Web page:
No, really. Bill O'Reilly tried to pass himself off as a Constitutional Law expert in this segment, insisting that the Supreme Court will overturn the individual mandate along purely partisan lines, 5-4. Here is the gist of his argument, loaded with unwarranted certitude:
It is as simple as that. The Federal government has no right to tell individual states that their citizens have to buy anything. That is a state decision to be applied mostly in public safety situations.
See? Simple as that. Billo has decreed that it must be so, therefore it must be, right? Well, he did bring on a guest, Caroline Fredrickson, president of -- wait for it -- the American Constitution Society.
Not that Billo let Ms. Fredrickson get a word in edgewise, but still, she managed to get the gist of her argument out there about why he was oh, so wrong. The wonkish among you can read the entire position paper here, but here are the toplines:
- The federal government exists and is empowered to address objectives that states acting individually lack, in the words of the Framers, the “competence” to handle on their own.
In very recent times, the same understanding has been articulated by the late Chief Justice William H. Rehnquist as the difference between matters that are “truly national” and those that are “truly local.”
As Justice Anthony Kennedy expressed the principle: “Congress can regulate on the assumption that we have a single market and a unified purpose to build a stable national economy.”
- To tackle those “truly national” problems, the federal government has the flexibility to pick solutions that are the most “competent” in practice. In the words of Justice Antonin Scalia, the national government “possesses every power needed to make [its solution] effective.”
- The democratic branches, not the judiciary, have the principal constitutional writ to shape economic policy, and, accordingly, the courts are to defer to Congress and give it the running room necessary to target objectives and craft effective solutions.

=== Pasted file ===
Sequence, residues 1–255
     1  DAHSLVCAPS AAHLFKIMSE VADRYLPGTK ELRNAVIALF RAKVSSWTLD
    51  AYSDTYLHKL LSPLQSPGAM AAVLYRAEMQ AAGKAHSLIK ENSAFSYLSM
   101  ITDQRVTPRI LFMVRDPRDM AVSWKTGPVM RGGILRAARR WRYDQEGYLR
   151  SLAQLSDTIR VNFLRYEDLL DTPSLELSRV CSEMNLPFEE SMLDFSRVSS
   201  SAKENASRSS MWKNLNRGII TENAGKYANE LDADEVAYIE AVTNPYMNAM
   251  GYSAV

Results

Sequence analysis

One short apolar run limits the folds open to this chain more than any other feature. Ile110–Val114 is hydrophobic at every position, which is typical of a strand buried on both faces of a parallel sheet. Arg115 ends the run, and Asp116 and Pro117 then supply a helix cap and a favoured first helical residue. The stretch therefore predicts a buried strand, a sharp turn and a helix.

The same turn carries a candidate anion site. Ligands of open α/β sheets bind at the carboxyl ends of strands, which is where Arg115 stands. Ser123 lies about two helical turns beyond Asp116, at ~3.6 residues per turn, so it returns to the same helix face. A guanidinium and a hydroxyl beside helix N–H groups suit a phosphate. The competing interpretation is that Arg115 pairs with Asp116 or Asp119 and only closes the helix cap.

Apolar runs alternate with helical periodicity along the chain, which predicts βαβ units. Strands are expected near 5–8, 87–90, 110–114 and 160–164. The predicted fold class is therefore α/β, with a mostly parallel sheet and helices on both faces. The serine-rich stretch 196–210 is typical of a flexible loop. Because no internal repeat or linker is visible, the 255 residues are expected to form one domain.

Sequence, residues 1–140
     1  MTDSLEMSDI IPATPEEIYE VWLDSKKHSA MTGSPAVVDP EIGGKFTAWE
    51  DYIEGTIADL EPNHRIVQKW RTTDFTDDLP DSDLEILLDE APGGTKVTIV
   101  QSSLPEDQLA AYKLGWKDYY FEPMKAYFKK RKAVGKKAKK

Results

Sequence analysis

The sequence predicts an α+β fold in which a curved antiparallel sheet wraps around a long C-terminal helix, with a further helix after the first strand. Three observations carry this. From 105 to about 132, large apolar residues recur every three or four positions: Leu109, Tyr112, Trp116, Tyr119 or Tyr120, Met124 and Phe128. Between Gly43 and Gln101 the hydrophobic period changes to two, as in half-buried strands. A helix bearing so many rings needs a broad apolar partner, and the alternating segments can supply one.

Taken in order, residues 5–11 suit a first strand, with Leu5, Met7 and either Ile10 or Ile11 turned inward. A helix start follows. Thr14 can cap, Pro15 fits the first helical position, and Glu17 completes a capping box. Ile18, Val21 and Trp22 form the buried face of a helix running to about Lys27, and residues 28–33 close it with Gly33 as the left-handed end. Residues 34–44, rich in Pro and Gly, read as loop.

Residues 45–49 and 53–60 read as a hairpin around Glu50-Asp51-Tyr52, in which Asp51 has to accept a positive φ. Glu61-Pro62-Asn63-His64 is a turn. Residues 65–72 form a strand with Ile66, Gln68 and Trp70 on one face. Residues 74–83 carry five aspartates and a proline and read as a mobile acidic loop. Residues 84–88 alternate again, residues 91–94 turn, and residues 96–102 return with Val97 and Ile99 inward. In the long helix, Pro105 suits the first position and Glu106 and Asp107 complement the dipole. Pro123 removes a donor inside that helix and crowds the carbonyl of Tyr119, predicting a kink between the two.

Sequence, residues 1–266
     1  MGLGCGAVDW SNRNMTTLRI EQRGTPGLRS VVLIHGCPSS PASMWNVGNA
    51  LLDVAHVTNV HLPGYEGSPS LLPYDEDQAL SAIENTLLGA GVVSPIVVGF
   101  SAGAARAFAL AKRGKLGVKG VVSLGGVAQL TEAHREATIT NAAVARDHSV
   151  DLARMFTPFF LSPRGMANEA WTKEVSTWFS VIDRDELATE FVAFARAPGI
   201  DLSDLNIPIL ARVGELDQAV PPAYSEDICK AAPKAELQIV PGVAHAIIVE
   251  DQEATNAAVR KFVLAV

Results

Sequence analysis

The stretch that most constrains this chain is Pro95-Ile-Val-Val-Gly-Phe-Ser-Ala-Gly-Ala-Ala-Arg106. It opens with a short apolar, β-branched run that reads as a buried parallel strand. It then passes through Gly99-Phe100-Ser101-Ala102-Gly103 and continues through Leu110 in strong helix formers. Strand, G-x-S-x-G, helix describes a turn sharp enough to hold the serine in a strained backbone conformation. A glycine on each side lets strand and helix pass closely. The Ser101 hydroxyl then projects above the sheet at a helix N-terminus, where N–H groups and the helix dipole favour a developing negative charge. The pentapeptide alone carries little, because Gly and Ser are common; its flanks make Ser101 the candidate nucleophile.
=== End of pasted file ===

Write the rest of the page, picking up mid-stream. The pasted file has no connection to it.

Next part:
Now I went and looked at Ms. Fredrickson's bio to see what her background is. It's impressive.
Caroline graduated summa cum laude from Yale University with a Bachelor of Arts in Russian and East European Studies in 1986 and from Columbia University School of Law with a J.D. in 1992. In law school, she was a Harlan Fiske Stone scholar, served on the Columbia Law Review and co-founded the Columbia Journal of Gender and Law. She has been widely published and appears frequently in the media on topics including labor law, anti-discrimination law, and human and civil rights issues. She currently is a member of Law Students for Reproductive Justice's Advisory Board.
Then I went and checked Billo's bio to make sure I hadn't missed the part where he had graduated from law school with special focus on constitutional issues. Nope. A Master's in Public Administration does not a Constitutional scholar make. But to listen to him, you'd think he was either calling a horse race or else lining himself up to be the next Supreme Court nominee.
It was so much fun to watch Billo fuss and fume every time she told him he was wrong. When he thought he had her nailed on the question of whether the federal government had ever forced citizens to buy anything, she was right there with the Militia Act of 1792, which required citizens to buy muskets and powder, exempting only those who had religious objections. Whether or not that particular act (repealed and replaced in 1795) applies or has parallels to this situation is a determination above my pay scale, but she answered his question, and he didn't much like it, particularly because he didn't know anything about it!
Here's the real reason I wanted to post this. I want a record, a very, very public record of this promise:
O'REILLY: I appreciate you coming on, but this is absolutely a mandate, it's absolutely forced, it's absolutely police powers from the federal government, and it's going to be 5-4. --
FREDRICKSON: We'll see about that.
O'REILLY: And if I'm wrong, I will play your clip and I will apologize for being an idiot.
You heard it right from his own mouth. He'll apologize for being an idiot. I wouldn't hold your breath waiting if the outcome goes against him. He has a way of "forgetting" promises like this.
I'll wait, and I'm happy to remind him.